-Fighter protection: Standardized fighter licensing and drug/medical suspensions from state to state are crucial for the protection of fighters.
Generally, athletic companies are strongly against the organization of their employees; one needs only to look at the various union problems sports leagues have had (and that boxing has never gotten their act together in that regard). But this doesn't have to be full unionization of fighters: just a guarantee that guys won't injure themselves hopping state lines to make a buck. It would protect fighters from themselves; and if it leads to an insurance program down the line, all the better.
For state governing organizations, the return for giving up power to a national board is that much of the logistical legwork tracking fighters could be taken out of their hands, meaning less work. What bureaucracy doesn't love having less to do? Meanwhile, they could still impose state-specific requirements above and beyond what a USMMA would require.
-Lobbying power: Locally and globally, a USMMA organization could bring combined efforts to bear in lobbying officials. The two major areas where this could be a boon for mixed martial arts are in legalization in the US and in international profile. Want MMA in New York? What about in the Olympics? A unified front by a United States MMA commission - with input from all the major and regional US promotions - adds heft to MMA's sanctioning efforts.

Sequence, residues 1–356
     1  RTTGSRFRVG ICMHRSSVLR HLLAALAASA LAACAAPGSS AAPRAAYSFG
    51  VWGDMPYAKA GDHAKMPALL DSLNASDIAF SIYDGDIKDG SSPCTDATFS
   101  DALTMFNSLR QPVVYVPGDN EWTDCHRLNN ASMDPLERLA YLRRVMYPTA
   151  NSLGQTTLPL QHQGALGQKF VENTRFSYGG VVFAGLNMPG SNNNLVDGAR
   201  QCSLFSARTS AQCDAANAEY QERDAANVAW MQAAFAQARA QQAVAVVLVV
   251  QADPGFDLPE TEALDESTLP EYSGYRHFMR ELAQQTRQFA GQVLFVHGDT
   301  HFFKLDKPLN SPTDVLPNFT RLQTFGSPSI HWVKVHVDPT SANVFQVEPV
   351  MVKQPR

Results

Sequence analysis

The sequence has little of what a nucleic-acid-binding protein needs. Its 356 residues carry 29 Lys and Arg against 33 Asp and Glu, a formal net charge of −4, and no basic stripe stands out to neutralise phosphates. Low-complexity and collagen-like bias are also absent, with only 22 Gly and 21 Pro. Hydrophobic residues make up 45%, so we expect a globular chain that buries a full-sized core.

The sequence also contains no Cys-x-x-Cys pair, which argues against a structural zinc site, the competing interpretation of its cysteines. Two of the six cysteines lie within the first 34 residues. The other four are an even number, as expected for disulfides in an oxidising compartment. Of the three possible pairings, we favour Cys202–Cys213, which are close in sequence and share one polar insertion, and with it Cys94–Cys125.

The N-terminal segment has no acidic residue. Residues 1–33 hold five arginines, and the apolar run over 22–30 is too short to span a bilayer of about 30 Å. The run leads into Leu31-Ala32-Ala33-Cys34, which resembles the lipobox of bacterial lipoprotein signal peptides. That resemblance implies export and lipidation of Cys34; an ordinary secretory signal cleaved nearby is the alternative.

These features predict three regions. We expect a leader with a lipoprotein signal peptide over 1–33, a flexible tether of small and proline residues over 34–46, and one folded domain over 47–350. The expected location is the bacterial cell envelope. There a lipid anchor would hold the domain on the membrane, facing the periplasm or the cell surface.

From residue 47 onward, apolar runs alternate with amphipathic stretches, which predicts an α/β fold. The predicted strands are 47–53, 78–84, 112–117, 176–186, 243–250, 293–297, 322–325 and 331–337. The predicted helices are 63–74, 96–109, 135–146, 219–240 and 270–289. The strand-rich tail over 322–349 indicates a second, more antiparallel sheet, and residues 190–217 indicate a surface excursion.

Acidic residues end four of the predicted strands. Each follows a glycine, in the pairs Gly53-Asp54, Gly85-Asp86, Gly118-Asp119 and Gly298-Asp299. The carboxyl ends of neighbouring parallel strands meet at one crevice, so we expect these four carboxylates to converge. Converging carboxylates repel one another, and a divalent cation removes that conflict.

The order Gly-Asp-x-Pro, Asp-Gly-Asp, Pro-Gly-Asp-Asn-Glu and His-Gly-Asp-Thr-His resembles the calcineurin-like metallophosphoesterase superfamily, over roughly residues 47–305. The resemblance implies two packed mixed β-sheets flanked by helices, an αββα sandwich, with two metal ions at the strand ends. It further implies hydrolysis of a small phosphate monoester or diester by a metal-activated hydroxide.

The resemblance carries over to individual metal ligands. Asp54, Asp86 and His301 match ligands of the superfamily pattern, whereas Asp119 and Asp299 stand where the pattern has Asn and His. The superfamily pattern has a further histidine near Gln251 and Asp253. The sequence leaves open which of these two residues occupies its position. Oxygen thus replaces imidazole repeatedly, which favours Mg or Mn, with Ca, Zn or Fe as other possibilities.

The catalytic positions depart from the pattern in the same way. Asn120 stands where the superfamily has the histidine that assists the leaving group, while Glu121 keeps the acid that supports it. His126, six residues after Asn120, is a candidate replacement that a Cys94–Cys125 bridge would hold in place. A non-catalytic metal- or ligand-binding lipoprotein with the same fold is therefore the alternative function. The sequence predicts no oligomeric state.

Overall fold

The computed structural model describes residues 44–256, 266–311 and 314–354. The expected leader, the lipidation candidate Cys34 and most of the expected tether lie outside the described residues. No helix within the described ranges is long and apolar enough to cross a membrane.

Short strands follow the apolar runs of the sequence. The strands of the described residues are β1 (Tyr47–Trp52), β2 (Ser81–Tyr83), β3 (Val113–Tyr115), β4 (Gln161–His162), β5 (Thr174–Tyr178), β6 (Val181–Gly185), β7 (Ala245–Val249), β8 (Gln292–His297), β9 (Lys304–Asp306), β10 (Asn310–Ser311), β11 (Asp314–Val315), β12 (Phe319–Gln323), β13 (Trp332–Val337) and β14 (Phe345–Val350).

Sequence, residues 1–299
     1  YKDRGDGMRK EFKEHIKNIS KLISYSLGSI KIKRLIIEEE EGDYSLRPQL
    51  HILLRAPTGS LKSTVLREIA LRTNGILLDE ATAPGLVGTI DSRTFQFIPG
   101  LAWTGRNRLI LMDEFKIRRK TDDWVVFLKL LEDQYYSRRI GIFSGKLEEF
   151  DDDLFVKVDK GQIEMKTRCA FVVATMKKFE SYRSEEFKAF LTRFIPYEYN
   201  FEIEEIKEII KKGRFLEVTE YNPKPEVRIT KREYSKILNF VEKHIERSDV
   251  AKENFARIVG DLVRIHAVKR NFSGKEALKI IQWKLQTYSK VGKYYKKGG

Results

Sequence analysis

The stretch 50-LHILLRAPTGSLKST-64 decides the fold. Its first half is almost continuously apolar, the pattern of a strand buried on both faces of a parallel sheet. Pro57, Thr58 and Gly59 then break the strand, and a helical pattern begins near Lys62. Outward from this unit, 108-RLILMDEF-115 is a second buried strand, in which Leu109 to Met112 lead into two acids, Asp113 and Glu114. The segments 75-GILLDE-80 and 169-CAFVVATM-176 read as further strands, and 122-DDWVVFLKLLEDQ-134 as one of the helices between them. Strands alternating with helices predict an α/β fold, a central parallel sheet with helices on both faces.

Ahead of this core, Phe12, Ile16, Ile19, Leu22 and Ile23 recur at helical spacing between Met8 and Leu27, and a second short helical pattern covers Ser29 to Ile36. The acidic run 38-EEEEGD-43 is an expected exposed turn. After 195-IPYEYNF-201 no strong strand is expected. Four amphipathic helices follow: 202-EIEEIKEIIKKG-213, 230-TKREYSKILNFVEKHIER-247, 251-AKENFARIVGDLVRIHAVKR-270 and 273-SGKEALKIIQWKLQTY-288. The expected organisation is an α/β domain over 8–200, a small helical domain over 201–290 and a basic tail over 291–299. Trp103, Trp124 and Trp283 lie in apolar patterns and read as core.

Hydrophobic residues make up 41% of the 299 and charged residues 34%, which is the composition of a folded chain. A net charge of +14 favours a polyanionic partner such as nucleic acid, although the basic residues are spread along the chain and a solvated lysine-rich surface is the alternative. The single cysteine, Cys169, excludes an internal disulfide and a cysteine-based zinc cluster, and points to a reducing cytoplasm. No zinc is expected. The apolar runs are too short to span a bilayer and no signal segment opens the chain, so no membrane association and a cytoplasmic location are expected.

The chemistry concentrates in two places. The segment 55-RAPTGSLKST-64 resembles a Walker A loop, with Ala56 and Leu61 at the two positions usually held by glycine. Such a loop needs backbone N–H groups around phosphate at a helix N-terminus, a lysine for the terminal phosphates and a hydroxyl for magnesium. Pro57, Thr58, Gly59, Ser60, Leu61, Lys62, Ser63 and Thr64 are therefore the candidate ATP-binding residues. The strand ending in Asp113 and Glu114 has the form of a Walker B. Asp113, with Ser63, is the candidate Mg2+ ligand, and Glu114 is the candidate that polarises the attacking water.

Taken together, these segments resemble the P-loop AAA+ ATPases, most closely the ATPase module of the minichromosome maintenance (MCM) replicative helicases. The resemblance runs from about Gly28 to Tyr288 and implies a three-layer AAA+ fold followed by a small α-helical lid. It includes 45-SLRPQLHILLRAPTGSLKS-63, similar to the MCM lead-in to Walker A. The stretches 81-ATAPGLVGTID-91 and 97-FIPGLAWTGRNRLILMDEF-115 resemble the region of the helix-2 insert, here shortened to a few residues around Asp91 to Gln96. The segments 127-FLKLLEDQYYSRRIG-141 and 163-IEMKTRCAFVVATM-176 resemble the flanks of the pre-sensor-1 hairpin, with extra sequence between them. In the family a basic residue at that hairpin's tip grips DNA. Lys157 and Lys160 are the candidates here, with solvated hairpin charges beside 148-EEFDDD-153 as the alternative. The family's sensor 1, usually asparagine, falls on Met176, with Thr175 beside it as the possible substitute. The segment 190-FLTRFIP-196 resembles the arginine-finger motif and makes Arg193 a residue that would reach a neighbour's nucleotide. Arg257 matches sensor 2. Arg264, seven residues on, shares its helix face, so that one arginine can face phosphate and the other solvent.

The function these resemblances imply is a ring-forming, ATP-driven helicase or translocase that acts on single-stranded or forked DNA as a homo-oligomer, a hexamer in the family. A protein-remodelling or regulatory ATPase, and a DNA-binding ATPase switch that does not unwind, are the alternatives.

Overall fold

-Staying power: Every soccer field in the fall is filled with packs of roving children, usually inches apart from each other, flailing away at the ball and having a blast doing it. While MMA likely won't have the same sort of massive youth pull, soccer provides a good model for getting kids involved and building a sport's community from the ground up. I firmly believe the MLS would be dead already, instead of doing well for itself, if it wasn't for the emphasis on getting kids into soccer in America.
Martial arts are popular with youth already for a variety of reasons: self-defense, empowerment, and the sense of achievement kids get moving through the ranks at their local karate or tae kwan do dojo. A USMMA organization could help to bring youth along into MMA, perhaps with an early focus on jiujitsu and grappling before moving into bag striking as the kids get older so that by high school they're ready for contact. (The local high school wrestling programs would likely not complain they were getting more talented grapplers, either.)